It's possible some self-help could make you feel better.   

Maybe, just maybe, you're already pretty highly functioning, but you just need to, you know, tweak a few things.  (Note: I don't get any money for these referrals.  Most of them are free for you.) 

--Learn Mindfulness-Based Stress Reduction. This free online course will get you started on learning how to cope with stress, pain, and the challenges of life and deal with disturbing events with grace and composure.  (Note: If you prefer the structure of a class, either online or in person, I highly recommend The Mindful Center of Albuquerque.)

--Set a consistent sleep schedule that you stick to, no matter what. Here are tips from the National Sleep Foundation.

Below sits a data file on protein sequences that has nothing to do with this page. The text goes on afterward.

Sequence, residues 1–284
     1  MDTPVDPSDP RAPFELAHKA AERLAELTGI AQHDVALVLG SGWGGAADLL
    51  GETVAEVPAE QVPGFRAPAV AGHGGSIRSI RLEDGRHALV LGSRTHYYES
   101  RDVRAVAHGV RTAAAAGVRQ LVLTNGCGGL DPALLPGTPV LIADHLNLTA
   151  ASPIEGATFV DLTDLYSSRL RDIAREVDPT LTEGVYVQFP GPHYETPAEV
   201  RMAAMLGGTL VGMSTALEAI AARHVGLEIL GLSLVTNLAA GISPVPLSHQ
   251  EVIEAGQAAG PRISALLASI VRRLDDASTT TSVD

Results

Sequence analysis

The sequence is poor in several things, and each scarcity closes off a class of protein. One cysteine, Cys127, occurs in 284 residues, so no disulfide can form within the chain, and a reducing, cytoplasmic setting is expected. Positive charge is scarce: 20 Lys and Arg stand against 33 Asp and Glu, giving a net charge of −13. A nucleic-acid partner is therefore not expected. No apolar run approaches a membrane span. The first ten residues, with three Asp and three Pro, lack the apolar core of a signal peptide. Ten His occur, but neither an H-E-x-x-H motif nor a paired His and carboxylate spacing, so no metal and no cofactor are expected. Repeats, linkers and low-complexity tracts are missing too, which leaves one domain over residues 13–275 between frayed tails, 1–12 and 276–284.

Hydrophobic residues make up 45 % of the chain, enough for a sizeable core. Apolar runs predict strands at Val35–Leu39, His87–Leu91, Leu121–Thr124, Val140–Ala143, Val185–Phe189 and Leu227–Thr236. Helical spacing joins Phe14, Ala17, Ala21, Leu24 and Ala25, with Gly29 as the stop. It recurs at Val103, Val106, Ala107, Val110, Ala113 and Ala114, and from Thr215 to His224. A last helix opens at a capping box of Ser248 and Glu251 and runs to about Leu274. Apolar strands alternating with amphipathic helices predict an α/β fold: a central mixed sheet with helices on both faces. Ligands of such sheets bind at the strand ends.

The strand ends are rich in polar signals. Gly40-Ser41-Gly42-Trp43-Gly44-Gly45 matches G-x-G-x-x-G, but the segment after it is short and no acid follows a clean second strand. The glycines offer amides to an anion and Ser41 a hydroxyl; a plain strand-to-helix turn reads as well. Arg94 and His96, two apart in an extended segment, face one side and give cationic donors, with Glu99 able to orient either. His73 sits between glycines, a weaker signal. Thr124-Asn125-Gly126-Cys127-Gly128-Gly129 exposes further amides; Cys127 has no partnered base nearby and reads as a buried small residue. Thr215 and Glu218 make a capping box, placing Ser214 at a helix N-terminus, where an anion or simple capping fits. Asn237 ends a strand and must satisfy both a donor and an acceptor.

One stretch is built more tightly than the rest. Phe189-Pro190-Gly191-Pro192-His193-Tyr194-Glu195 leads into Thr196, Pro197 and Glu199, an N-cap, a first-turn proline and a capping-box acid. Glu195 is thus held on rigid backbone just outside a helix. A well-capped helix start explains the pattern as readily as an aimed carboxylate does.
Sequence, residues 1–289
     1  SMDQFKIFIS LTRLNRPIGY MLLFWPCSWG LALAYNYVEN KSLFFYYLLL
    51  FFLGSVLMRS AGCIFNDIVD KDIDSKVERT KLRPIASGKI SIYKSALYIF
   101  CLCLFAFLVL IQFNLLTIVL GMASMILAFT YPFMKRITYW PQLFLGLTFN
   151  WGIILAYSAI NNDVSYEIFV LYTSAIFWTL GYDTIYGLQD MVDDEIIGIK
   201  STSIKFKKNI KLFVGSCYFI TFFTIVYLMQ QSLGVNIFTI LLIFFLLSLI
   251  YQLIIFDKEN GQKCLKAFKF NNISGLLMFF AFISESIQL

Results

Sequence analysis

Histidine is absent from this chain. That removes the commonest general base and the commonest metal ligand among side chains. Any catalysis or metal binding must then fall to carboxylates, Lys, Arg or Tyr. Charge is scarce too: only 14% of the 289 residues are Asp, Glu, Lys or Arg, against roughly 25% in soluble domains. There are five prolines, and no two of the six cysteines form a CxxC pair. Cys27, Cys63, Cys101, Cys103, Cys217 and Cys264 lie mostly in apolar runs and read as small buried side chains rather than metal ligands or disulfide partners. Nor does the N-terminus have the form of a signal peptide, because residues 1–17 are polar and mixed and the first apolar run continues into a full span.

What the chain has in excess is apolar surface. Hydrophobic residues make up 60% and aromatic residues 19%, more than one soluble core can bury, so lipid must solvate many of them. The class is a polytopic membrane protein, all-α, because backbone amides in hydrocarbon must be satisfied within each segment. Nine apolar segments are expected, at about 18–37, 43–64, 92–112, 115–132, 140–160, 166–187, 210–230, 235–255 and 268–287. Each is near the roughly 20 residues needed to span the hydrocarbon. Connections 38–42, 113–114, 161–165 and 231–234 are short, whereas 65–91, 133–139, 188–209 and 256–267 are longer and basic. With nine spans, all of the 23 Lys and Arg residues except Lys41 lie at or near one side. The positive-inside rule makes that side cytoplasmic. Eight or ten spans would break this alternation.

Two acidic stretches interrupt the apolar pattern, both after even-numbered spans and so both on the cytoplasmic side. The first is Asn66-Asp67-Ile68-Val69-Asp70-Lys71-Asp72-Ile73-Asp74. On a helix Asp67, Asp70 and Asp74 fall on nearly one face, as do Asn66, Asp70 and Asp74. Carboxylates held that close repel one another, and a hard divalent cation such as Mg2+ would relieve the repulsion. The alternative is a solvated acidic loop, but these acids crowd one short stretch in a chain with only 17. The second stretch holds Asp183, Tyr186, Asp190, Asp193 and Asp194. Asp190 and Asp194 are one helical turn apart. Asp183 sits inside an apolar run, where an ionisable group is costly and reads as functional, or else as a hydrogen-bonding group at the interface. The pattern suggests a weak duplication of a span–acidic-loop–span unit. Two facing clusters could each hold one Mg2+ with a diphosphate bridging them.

--Try 'combat' or 'tactical' breathing: 

--Here's some general information about anxiety from the American Psychological Association.

--The Happiness Trap, by Russel Harris. This book, available in many formats, helps people learn how to stop trying to be "happy" and instead live their life with Acceptance and Commitment Therapy. In a similar vein, Get out of Your Mind and Into Your life by Steven Hayes.  

Still need some guidance? Schedule an Appointment

Note: These tips aren't meant as a substitute for therapy, nor are they to be used to diagnose or treat any disease. 
Rather, they are resources that you can take a look at that might make you feel better. 

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